While Paige tries to figure out the answer, Edwin takes Finn out to get him a birthday gift. He sees that Finn spends most of his time honing card-play skills on his computer. So, he takes him to play with actual players, where Finn fumbles due to his social anxiety. Meanwhile, Nadine comes to meet Paige to lift her spirits with their fond memories. Paige speaks with her about her concern – whether Mal is the right choice for her. Nadine says that one knows the right choice only after making mistakes. So, after this talk, Paige goes to have sex with Bill. That’s when she reaches the conclusion that she was never in love with him.
On the other hand, Mal continues to keep Paige happy and satisfied being in a relationship. While she prepares for her Ted talk, wearing a bright yellow dress that Edwin chose for her, Edwin’s car pulls over when he drives back home with Finn. Soon after, Finn calls her to tell her that he is safe at home, but Edwin has been arrested. However, since she is about to go on stage to give her Ted talk, she does not deal with this issue right away.
Unprisoned (Season 1) Ending Explained:
Does Edwin return to stay at Paige’s home for good?
While Edwin gets put back in prison, Paige begins her Ted talk. Despite having prepared her speech in advance, she stumbles due to the unexpected, shocking news. She goes off-script and starts speaking about her messy relationship with her father. She asks what one does with a parent whose best was not good enough for their children. Later at home, she keeps envisioning him around her. But she refuses to free him from jail. She feels betrayed since he messed up the one chance he was given to make things right.
Since Paige refuses to take Finn to meet Edwin, Nadine takes him to prison. Meanwhile, Paige keeps ignoring Edwin’s return to jail as a serious issue. By then, she also learns that her Ted talk has become viral. But she realizes that only ‘being vulnerable’ isn’t the way to heal her emotional wounds. She decides to come clean to Mal and tells him that she slept with Bill. He ends the relationship right away, saying that she deserves someone good, but she also needs to heal from her traumas to make it work.
While Paige occasionally has conversations with her younger self (Jordyn McIntosh), she finally recognizes how her inner child needs support and healing. Then, she takes Finn to meet Edwin, she learns that he has gotten out on bail. Edwin goes to Mal’s place to thank him. Mal says that he is nothing more than Edwin’s correctional officer and that Edwin should not consider him a friend.
Then, Edwin goes back to Paige’s home to take all his stuff and leave. While he promises to change for good this time around, she does not want to get hurt any further and tells him that he can’t stay there any longer. Finn, however, has become incredibly close to Edwin and to having his presence around by then. So he starts crying when Edwin does not decide to stay. Finn continues to stay distant from Paige while Edwin tries to figure out how he should deal with his life thereafter.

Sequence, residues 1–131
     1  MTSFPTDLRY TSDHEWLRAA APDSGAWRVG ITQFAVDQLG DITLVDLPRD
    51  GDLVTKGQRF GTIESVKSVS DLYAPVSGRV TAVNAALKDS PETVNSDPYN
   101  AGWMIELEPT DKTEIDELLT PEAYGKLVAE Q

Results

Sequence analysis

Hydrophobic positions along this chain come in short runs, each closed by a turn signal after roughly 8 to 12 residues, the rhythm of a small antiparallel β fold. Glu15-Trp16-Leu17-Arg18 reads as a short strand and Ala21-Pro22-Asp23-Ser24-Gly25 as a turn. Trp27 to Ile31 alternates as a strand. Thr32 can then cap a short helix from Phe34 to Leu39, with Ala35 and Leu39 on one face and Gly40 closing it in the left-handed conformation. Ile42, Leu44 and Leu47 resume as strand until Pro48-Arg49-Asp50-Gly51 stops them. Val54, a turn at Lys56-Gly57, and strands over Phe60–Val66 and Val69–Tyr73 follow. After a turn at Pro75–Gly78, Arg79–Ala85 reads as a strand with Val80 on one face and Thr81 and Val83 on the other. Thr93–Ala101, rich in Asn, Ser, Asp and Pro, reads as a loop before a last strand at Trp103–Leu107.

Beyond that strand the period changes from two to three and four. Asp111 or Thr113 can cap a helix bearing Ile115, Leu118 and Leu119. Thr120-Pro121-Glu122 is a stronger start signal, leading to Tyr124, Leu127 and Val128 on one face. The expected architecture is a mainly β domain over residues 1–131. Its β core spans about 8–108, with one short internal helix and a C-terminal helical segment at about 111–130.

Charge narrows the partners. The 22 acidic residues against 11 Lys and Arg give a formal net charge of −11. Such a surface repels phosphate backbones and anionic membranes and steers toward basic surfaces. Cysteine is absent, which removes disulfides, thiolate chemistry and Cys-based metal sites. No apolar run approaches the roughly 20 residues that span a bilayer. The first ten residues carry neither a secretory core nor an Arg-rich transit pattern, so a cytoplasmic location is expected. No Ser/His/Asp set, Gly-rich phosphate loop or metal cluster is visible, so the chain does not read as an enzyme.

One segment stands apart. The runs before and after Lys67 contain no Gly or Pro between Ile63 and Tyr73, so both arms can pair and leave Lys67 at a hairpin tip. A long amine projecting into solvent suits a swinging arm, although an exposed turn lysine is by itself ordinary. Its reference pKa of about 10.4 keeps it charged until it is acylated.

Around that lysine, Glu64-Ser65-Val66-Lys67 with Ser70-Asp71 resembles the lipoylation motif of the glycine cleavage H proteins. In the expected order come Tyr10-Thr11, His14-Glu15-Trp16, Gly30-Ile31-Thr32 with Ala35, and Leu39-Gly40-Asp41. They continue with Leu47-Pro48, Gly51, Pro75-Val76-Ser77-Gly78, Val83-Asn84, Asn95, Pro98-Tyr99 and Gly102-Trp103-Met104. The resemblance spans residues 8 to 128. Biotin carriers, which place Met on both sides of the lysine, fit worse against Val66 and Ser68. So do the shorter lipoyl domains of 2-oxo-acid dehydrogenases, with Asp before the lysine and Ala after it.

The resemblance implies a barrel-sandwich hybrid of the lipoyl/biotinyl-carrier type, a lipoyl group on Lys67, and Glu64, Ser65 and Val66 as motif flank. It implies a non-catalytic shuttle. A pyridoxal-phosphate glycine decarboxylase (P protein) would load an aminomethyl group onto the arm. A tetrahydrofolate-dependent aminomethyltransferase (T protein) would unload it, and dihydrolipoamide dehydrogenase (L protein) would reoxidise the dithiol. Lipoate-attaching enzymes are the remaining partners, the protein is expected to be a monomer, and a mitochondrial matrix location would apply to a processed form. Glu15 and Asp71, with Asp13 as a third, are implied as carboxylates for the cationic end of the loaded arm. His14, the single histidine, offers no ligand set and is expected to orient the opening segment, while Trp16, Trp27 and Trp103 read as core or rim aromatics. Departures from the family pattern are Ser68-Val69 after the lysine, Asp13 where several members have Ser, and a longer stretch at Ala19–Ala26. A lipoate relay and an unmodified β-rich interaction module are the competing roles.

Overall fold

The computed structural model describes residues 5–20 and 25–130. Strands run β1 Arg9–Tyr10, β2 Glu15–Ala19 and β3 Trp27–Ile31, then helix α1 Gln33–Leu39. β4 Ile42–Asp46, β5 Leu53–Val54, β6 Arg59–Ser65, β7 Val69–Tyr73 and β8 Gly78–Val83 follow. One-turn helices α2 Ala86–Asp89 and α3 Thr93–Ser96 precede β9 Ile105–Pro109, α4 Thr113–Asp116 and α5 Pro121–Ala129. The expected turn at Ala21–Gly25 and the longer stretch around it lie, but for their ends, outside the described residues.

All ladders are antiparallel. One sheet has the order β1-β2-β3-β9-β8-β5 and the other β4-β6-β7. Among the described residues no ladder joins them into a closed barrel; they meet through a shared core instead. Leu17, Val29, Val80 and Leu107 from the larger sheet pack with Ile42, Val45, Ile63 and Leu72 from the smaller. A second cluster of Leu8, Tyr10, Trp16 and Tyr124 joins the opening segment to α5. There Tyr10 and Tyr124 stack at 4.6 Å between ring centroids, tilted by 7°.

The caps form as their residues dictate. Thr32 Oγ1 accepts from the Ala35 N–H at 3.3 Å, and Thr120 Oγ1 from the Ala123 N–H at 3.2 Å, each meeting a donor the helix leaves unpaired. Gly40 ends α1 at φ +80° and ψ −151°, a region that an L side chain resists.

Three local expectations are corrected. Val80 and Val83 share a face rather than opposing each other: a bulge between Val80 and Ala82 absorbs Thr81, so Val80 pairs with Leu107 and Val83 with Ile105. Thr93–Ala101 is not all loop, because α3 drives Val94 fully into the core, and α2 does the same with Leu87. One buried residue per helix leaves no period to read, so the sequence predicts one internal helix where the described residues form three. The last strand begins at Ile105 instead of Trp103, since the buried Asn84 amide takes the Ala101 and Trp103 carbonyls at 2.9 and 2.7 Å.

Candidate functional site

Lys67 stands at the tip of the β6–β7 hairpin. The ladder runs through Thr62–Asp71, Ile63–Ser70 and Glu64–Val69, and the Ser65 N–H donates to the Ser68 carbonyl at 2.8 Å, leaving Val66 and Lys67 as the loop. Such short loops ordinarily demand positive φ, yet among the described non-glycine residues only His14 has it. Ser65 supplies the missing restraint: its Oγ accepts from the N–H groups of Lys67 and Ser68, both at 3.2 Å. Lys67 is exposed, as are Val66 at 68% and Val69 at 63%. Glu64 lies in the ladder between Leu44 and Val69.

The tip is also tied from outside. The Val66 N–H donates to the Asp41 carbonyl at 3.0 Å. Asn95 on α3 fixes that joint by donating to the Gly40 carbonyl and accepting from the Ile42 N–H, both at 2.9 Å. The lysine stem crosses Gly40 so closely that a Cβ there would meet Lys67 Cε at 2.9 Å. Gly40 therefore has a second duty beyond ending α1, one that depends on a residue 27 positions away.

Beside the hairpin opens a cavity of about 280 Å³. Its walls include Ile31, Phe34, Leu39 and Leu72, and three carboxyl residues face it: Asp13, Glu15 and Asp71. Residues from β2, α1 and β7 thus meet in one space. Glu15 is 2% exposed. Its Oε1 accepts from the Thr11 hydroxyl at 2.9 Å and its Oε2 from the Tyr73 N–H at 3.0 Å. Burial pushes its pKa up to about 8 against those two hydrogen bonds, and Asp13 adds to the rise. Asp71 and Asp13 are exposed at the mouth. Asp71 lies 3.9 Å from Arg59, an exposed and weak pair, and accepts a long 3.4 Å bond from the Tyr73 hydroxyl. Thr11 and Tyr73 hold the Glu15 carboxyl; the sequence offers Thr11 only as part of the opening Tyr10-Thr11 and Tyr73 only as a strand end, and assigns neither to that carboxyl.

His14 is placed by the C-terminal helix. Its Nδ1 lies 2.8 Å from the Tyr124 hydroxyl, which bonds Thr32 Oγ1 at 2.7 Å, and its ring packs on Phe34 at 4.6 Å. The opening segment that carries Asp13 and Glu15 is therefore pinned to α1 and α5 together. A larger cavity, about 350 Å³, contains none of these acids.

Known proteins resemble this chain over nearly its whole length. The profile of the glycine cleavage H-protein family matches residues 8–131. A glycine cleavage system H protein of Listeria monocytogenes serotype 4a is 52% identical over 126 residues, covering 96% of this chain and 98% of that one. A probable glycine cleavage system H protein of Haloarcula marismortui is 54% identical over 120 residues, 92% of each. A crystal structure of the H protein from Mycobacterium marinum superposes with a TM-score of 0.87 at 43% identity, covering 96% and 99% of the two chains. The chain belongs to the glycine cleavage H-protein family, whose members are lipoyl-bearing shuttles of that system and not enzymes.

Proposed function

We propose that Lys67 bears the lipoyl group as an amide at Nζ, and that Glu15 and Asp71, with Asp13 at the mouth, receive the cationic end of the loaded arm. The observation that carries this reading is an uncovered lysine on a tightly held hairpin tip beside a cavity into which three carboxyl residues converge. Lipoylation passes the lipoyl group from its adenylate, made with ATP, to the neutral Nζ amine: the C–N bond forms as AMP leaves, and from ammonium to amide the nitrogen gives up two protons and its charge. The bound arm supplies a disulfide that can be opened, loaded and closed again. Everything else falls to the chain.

Unprisoned (Season 1) Themes Analysed:
The United States has one of the highest incarceration rates in the world. Edwin is one such individual whose prison life kept getting prolonged over the years. His post-prison life becomes painful for several reasons. There is an eternal struggle in trying to build a dignified life after getting incarcerated. We witness it through how Edwin struggles to find a job as an ex-felon.
Even the endless loop of documentation keeps him distant from finding any source of income. He also battles PTSD when various triggers remind him of his dreadful time in prison. Besides the practical causes, people’s perception of an imprisoned person also keeps him struggling to gain a semblance of self-respect.
While the series discusses racial tension throughout its duration, the sixth episode, titled Nigrescence, goes in-depth to navigate its impact viscerally. We see how light-skinned Finn tackles his racial identity concerns while Edwin processes past traumas for being born black.
As the episode concludes, the characters realize that there is more than one way to be Black. Besides the incident from Edwin’s childhood, the scenario in the Alabama office (where the officer refuses to share his birth certificate) highlights how racism still prevails in the US despite the glossy, progressive image the country puts forth.
Childhood Trauma & Therapy
Throughout Unprisoned, Paige is seen discussing with a younger version of herself, where she tries to make sense of all the trauma she went through. She discusses all her internal conflicts with this manifestation of her ‘inner-child’ and progresses on her journey of self-exploration and healing. Through Edwin, we visit a scared child who is afraid to confront the harsh reality of his past, despite the years of passage.
These emotional wounds stunt their growth to form a healthy relationship. Therapy, practiced by Paige, and acknowledged by others, provide a helping hand in finding manageable solutions to step beyond such psychological boundaries.
Unprisoned (Season 1) Review:
Unprisoned presents a sensible portrait of post-prison life through a deeper understanding of its characters’ emotional struggles. The best part about this Hulu series is how it takes enough time to delve into their individual mental landscapes to navigate the far-reaching impacts of its central themes. Whether incarceration, childhood trauma, or racial tension, it presents these themes through the deeply personal journeys of its characters. Despite dealing with these incredibly heavy issues, it manages to become a light-hearted comedy-drama.
The aspect it falters in is its tonal shifts. The script showcases how Edwin cannot help himself but get pulled back toward his flirtatious side. The questionable nature of some of his dialogues also makes you question the definition of charm that the makers have. While his behavior can still be considered an aspect of his relapse to this faulty side of his personality, those patchy comedic sequences merge oddly with the show’s serious overtones and dramatic scenes – making them stick out like a sore thumb.
However, the season still excels because of its mature handling of pertinent themes, besides the fantastic performances by the entire cast. Delroy Lindo, who flexes his comedic muscles, is phenomenal here. Besides that, he also presents his potential to shift to the serious aspects of his character effortlessly. Kerry Washington is also excellent, whom I’ve rarely seen in comedic roles besides her work on SNL skits. She seems much freer than her oeuvre of weighty roles. Besides them, Brenda Strong, who finds humanity even in her flawed character, is a highlight of this season. That is another aspect where the show stands apart: presenting flawed portraits of its female characters with the utmost compassion.